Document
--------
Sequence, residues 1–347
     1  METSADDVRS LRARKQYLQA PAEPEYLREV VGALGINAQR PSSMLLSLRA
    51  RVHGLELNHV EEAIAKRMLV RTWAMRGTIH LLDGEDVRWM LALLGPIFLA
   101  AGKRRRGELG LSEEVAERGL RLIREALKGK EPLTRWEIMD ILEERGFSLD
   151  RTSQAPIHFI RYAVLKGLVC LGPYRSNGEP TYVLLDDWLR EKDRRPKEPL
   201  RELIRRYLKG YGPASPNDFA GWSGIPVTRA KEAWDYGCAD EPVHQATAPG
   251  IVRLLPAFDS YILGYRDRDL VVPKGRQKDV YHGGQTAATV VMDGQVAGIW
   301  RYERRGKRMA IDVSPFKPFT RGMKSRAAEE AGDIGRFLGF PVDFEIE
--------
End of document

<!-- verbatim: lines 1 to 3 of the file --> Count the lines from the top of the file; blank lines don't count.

Sequence, residues 1–347
     1  METSADDVRS LRARKQYLQA PAEPEYLREV VGALGINAQR PSSMLLSLRA
    51  RVHGLELNHV EEAIAKRMLV RTWAMRGTIH LLDGEDVRWM LALLGPIFLA